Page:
Michael H. Seitz

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Last Updated on June 7, 2022, by eNotes Editorial. Word Count: 277

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[Richard Pryor] is at his best in the recently released "concert" film, Richard Pryor Live on the Sunset Strip. Although the witless pop comedies he's held together single-handedly through the past decade [(Arthur Hiller's Silver Streak, Michael Schultz's Greased Lightning, Herbert Ross's California Suite, Sidney Poitier's Stir Crazy)] draw upon his talents in a parsimonious way, he seems to me unquestionably the most gifted and inventive comic working today….

Pryor's work in Live on the Sunset Strip represents a fusion of his unrestrained abilities as a writer …, stand-up comic, and actor of increasing range and versaility—and it is both unexpectedly moving and wildly funny. (p. 52)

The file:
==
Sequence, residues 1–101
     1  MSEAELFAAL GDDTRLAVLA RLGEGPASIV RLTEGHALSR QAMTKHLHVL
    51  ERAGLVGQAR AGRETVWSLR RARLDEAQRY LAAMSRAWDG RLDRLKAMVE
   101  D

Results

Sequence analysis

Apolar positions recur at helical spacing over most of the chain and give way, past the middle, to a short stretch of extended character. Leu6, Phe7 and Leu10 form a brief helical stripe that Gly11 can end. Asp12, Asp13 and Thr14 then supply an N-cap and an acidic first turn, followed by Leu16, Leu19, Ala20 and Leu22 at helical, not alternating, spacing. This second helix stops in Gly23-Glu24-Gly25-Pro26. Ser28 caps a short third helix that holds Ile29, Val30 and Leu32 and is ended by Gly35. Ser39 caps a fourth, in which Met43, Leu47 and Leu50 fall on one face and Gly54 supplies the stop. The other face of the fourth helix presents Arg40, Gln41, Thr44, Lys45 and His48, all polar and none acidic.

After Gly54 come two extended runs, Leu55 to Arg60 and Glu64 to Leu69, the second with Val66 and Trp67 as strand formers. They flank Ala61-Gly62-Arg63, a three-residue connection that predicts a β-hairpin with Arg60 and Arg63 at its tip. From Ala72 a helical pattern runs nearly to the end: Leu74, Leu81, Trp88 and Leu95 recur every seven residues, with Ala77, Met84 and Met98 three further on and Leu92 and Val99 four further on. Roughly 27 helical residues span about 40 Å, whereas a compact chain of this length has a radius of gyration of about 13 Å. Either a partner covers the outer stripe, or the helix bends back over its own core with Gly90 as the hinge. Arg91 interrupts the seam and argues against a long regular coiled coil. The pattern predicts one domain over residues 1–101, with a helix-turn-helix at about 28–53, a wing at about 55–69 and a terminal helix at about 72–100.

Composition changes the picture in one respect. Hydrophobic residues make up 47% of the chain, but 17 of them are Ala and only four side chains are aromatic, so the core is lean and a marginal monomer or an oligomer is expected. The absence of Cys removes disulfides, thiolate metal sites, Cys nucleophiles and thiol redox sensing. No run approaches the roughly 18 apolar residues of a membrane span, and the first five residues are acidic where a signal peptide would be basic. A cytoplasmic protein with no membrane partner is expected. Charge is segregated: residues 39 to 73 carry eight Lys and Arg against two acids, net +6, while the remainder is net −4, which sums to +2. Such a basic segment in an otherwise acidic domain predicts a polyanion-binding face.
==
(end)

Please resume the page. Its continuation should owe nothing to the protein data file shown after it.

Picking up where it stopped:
The funny stuff, almost seamlessly stitched together in this performance, runs a thematic range from sex to money, success, lawyers, marriage, prisons, courage, racism, the search for roots, Africa, caged and uncaged animals, cultural relativism, and Pryor's recent, notorious self-immolating "accident." What the movie-goer sees and hears has doubtless been well rehearsed, but there is a commanding sense of improvisation, and one is held on edge by a feeling that this shameless, hyperimaginative wild man might say or do absolutely anything. Pryor goes in for smoker language in a big way, but while the dirty talk adds flavor to the act, his comedy is far from dependent on it. He grounds his work on human feelings, often the most intimate sort, and social and psychological perceptions, and I know of no one better at turning such material into comedy. (pp. 52-3)

Michael H. Seitz, "A Few Laughs," in The Progressive (reprinted by permission from The Progressive, 409 East Main Street, Madison, Wisconsin 53703; copyright © 1982 by The Progressive, Inc.), Vol. 46, No. 6, June, 1982, pp. 52-3.∗


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